Also the thing that hit me in the discussion was peanuts (which I have never tried to grow here) and also beans, whick I"m planting more of this year and should plant much more of in the future. They are also good sources of proteins.

Have to think alternatives to fruit right now so I'm thinking of putting up a LOT of rhubarb as it is one of the few FRUITY things that is growing well here, as are the berries and we'll have a good grape the freezer will be full of those types of things for overwintering to make up for the loss of tree fruits. When nature gives you a loss, you gotta think what to plant to replace those nutrients so you have enough food for the winter.
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The information is very interesting. It is new knowledge for me.

Posts: 356
Location: Portugal (zone 9) and Iceland (zone 5)
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Great work Brian,

Where are you based?

I am starting similar to you. Focusing now more with grains, the pseudograins, roots and legumes.

So far my diet is mostly grain-based, no meat, ocasional fish. That's the sort of diet my body wants, diet is a very personal thing, other people have other needs.

I calculated also to require around 0.5 acre to fully sustain myself. But that only at latitude 40, where it's easier to grow near 100% of a mostly vegetarian diet. Further north, as where I am, animals are a much more efficient way to go.

No matter where we are, eating a very varied plant-based diet ensures more easily we get all necessary nutrients. And if we also eat some animal products in addition to plants, then I think we would be pretty much safe nutrient-wise.

Brian Bales wrote:I'm currently building my food forest and garden/pasture system with the ideal of producing 95% of the food I need for myself and family. I live on 1.5 acres of land but the bulk of this project is taking up only about .5 of the 1.5 acres. Its been a tricky process but I am beginning to see results. I have planted most of the trees in my food forest and most of them are established (I lost several last year that I need to replace due to gophers). There is an established pecan tree on my land already but in addition to that I have planted almonds and pistachios. I'm working on planting bush fruits, herbs, beneficial and insectiary plants now as well as edible ground covers like strawberry, ground plum and purslane.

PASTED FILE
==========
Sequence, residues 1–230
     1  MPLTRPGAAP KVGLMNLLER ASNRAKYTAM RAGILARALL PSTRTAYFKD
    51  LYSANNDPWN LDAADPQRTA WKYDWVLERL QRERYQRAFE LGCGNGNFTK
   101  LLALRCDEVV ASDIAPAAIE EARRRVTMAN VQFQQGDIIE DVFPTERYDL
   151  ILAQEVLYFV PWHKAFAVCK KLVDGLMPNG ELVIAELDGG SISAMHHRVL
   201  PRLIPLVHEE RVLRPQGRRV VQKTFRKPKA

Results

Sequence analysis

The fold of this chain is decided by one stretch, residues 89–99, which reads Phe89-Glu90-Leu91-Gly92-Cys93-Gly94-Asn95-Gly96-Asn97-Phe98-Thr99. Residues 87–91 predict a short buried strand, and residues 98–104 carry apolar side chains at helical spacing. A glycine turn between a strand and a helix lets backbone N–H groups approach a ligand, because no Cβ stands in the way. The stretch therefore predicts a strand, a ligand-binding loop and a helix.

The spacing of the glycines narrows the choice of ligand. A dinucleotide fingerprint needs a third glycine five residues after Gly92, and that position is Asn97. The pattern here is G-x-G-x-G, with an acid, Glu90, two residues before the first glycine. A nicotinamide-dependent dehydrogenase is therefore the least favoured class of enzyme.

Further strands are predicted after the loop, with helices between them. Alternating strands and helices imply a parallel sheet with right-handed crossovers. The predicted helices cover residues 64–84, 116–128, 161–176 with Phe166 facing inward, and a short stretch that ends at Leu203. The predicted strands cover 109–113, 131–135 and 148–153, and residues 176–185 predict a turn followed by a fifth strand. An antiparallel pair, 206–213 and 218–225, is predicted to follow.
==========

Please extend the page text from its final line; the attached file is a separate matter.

I've been doing a great deal of research on perennial vegetables and have found some great additions. I just got some cutting of tree kale/collards. I have high hopes for this plant. Supposedly 100 square feet will produce around 300lbs of food a year. I also have artichokes, asparagus and rhubarb planted. I am going to be trying seakale this spring too. The ground plum is an interesting legume that I hope will prove a useful ground cover and food plant. I also will be planting sorrel, nettle, good king henry and purslane to name a few.

As to cereals I am planting them too, some are going in a rotation system of animal paddocks and cereal beds others will be planted in the open spaces in my orchard. I have several cereal crops to test. Once I can evaluate their suitability to growing here. Then I will streamline my selections to just a few. I'm testing wheat (Sonora, spelt and kamut), millet, sorghum, flax, quinoa, amaranth, chia, barley, buckwheat, flint corn and a few other oddities like rocky mtn bee plant. Some like quinoa, amaranth and chia are especially important to me because of their high nutritional content and their use as both grains and green vegetables.

I am including animals in my projects. I currently keep nigerian dwarf dairy goats, pilgrim geese and guinea fowl. I intend to add chickens and turkeys to my collection. I also plan to have a couple bee hives. Eventually I plan to build a greenhouse and keep an aquaponic system where I can raise channel catfish and maybe tilapia or carp.

One of the biggest challenges has been working out a system where all the money I save on growing my own food doesn't go down my animals throats instead. A big part of that is keeping numbers minimal. I feed them conventional foods like alfalfa and grains but I am working away from that. One of the most important feed sources I've been looking into is tree crops. My animals love poplar trees and I have a lot of them growing on my property so I've had success supplementing some of their feed with poplar. I'm also planting polyculture hedges with the intention of using them as animal feed. I'm planting a mix of acacia, honey locust, rosa rugosa, black mulberry, sawtooth oak and a few other misc items like elderberry, wild plum and hazelnut. All things useful to me and to the animals. Never underestimate the usefullness of the edges

Posts: 1981
Location: La Palma (Canary island) Zone 11
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pebble Hatfield wrote:I notice when reading about permaculture there is a large focus on plants that produce fruit. Also vegetables. I'm curious about this because from a nutritional point of view fruit and veges are important but they don't supply the crucial fats and proteins, or even the amount of carbohydrates that most people need (that's a gross generalisation from the climate I live in - maritime temperate).

Just wondering how much people think about what they eat in relationship to permaculture.

I do, and I look for my food choices, so that I can grow it!
Fruits and vegetables are the easiest...
and more expensive to buy.

Many green leaves (nettle, amaranth...) have proteins.
Nuts are crucial as it has been said.